[lit-ideas] Re: Feline Implicature

  • From: Jlsperanza@xxxxxxx
  • To: lit-ideas@xxxxxxxxxxxxx
  • Date: Thu, 30 Jun 2011 04:52:41 EDT

In a message dated 6/29/2011 7:59:18 P.M. ],  jejunejesuit.geary2@xxxxxxxxx 
Cats are killers  

This to contradict Wittgenstein who asks:
Was ist der natürliche Ausdruck einer Absicht? 
Wittgenstein does not answer the question directly but by way of  
Sieh eine Katze an, wenn sie sich an einen Vogel heranschleicht; 
oder ein Tser, wenn es entfliehen will.

So, the idea, for us who know German, is that
a cat, when stalking ('heranschleichen') 
a bird ('fowl', strictly -- 'vogel')
constitutes a 'natural expression' of an 'intention'.
I would not think 'Absicht' translates "intention" directly  --. There are 
possibly alternate translations at play here, by Anscombe,  the original, 
and by P. M. S. Hacker -- who has now retired as Tutorial  Fellow at St. 
John's, Oxford -- the post held by Grice for YEARS. 
--- But it _is_ getting there. Thanks to R. Paul for the quote.
If Geary and Stone are right, the cat stalks the bird but the cat is not a  
killer. So, how do we analyse the 'natural expression' of the intention. It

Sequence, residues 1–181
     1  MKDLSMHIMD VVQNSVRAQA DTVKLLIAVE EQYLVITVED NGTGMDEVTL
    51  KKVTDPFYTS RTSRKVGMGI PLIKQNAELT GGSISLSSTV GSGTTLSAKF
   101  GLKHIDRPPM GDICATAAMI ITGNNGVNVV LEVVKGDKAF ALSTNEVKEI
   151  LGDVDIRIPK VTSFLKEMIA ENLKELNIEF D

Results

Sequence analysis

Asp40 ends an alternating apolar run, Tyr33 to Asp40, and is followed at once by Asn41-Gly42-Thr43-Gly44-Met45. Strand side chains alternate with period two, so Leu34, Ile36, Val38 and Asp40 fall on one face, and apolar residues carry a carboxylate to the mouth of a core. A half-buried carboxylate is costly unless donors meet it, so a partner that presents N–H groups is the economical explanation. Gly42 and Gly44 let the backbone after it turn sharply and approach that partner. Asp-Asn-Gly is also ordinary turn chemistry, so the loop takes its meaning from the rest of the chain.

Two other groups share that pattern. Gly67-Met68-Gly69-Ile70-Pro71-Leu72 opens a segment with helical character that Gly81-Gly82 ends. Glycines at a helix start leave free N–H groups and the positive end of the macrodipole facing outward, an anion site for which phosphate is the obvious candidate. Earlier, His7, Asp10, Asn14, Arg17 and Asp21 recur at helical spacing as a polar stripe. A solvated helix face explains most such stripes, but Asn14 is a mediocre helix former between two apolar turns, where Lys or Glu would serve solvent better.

has  been said that a pet cat who kills a mouse, since she is not hungry, 
only does  it _for play_ ('a form of life', a 'language game'). And so on. By 
the same  token, if we examine Lord Huntington as he stalks a 'fowl' in his 
hunting  estate, is that the natural expression of an intention. Intention 
to do what?  Oftentimes, the cook would say, "Fowl again? We had that 
yesterday? I was  thinking of having caviar and fish today." Once the fowl was 
killed the fowl had  to be eaten or at least embalmed, and so on.
A beast trying to escape is perhaps an easier scenario. The problem is that 
 they seldom know where to go, as my darling goldfish in the bowl. 
---- I'm not sure if the Wittgensteinan word for 'beast' translates,  
cognately, to English, or other languages (Indo-European).
--- Thanks to Phatic for lovely poem, "Cats sleep anywhere", and to V.  
Calley for comparison with dogs.
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